The structure for lifting the telephone hand set 45 by way of the solenoid 35, the shaft 21 and the cradle 38, 39 will be readily recognized in FIG. 3 and correlated with FIGS. 1 and 2. Similarly, the tape recorder indicated by block 71 in FIG. 3 will be recognized as incorporating the above described components which are similarly numbered in these figures.

The device as a whole can be connected to a conventional current supply system marked A.C., for example a standard 115 volt wall outlet leading through a double pole main switch 87 to two main buses A, C. A normally closed `cut-out; switch 88 is contained in bus C for a purpose to be explained below. A conventional rectifier device 89 is connected across the buses A and C, constructed and arranged to provide two different operating voltages as indicated by rectier output terminals e, f and ground g.

The above mentioned acoustic call detect-or 66 is part of a call relay device including an amplifier of lconventional construction marked 101 which `receives its energy from lead e and the control input terminal of which is connected to the detector 66, which can be a microphone or other sound responsive transducer. The output of am- -plier 101 is fed into a magnet relay 102 with solenoid 103 and normally open switch 104. The switch 104 is adapted to energize a relay 106 with solenoid 107 and two normally open switches 108 and 109. The operation control switch 78 with contacts 78.1, 78.2 which can be spring contacts of conventional design, are normally electrically separated by the insulating base of strip T. Thus they normally open the supply line of a latching relay 111 wtih solenoid 112, normally closed switch 115 and normally open switches 116 and 117. The lat-ching relay 111 is of conventional design and so constructed and arranged that it will transfer the switches upon receiving an energy impulse and again transfer them back into the normal position upon receiving a consecutive energy impulse. Switches 115 and 116 are holding switches for purposes to be described hereinbelow, and switch 117 serves to energize a solenoid 121 for operating the conventional recorder component which changes its condition from play-back to recording, as indicated by the mechanical connection leading in FIG. 3 from the lsolenoid 121 to the recorder unit 71. It will be understood that the components of the conventional recorder units 71 can be dismounted and redistributed within the housing 11, in any manner desired and convenient, and depending upon the construction of the tape recorder preferably purchased in the open market.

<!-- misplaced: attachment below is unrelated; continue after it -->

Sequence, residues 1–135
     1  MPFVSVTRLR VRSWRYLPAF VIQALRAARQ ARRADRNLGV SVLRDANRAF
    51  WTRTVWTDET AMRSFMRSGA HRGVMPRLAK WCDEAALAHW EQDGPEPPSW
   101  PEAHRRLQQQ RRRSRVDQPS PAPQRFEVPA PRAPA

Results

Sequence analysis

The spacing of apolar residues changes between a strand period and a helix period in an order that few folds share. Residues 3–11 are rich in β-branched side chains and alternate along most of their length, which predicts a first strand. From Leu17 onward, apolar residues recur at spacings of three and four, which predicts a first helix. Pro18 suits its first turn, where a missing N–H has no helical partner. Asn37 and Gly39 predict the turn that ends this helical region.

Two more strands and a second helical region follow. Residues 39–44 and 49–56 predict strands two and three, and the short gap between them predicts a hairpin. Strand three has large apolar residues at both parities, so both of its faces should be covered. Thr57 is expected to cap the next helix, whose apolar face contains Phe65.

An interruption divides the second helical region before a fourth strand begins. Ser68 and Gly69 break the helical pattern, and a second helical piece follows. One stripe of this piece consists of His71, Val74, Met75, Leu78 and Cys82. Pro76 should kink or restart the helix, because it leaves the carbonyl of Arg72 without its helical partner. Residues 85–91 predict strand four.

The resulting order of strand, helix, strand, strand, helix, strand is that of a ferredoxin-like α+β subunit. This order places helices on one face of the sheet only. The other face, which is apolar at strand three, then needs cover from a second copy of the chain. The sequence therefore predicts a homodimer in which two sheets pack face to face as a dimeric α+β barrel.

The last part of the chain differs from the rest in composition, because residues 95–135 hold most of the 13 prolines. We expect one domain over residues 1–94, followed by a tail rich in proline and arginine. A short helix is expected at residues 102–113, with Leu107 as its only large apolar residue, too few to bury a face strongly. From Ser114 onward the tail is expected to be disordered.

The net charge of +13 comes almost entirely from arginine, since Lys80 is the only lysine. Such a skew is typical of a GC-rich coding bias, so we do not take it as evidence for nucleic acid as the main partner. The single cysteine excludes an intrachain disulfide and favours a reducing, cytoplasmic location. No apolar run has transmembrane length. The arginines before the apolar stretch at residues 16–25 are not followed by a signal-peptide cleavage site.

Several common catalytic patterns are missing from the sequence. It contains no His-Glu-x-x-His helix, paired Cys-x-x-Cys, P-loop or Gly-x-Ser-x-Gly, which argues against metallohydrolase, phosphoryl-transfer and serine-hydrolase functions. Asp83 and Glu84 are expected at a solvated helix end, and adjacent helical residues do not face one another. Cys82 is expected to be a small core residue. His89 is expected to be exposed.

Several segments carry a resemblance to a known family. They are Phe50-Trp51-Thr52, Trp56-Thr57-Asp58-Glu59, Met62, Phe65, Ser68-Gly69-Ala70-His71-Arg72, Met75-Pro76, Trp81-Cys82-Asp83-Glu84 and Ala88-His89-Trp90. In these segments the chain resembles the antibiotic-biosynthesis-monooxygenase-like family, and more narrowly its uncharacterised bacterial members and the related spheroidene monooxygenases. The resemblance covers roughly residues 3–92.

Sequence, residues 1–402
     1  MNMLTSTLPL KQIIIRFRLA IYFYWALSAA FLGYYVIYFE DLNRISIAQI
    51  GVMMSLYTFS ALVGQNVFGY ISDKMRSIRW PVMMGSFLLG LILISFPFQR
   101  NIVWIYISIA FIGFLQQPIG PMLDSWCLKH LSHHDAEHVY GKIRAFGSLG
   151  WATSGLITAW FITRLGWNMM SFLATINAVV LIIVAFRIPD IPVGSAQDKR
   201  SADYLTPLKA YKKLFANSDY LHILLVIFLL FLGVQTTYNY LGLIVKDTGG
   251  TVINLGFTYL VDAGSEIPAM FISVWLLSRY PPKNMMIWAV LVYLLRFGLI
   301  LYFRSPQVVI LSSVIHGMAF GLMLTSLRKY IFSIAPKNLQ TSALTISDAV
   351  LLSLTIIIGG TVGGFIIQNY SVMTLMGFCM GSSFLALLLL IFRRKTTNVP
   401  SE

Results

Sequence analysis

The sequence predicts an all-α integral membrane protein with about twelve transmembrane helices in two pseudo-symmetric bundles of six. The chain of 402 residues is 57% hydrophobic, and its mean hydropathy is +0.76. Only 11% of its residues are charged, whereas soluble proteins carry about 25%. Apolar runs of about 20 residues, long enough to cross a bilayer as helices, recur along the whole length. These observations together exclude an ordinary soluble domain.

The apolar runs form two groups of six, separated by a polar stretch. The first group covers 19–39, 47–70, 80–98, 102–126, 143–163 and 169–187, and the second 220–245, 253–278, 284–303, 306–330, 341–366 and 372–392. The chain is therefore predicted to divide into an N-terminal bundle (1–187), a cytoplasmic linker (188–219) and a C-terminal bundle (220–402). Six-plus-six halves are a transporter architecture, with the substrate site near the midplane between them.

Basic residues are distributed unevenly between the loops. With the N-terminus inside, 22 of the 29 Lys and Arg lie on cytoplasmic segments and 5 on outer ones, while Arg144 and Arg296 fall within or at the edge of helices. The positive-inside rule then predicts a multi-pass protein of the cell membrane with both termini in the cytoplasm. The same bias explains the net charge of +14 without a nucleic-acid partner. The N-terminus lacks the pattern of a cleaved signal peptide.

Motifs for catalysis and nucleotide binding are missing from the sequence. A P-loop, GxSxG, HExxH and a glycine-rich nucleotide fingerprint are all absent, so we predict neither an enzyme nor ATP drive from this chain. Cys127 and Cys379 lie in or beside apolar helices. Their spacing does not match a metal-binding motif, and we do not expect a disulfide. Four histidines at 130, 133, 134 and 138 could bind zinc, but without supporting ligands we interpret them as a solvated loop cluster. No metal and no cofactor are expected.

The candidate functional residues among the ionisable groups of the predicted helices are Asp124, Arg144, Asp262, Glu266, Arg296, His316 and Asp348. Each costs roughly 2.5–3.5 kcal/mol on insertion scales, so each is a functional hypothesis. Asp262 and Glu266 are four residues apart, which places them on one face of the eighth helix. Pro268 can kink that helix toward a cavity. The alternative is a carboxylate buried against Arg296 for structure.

The normally open switch 109 of relay 106 energizes when closed the lifter solenoid 35 which in turn operates the above described cradle mechanism, lifting the hand set 45 from its conventional supports on the telephone receiver.

As described above, the call responsive acoustical detector 66 is arranged opposite the signal bell of the telephone receiver, the conventional recorder microphone 63 is arranged opposite the telephone speaker 43, and the conventional `tape recorder speaker 64 -is arranged near the telephone microphone 44 of the hand set 45, as clearly indicated in FIG. 3. The connections of microphone 63 and speaker 64 into the recorder 71 are conventional.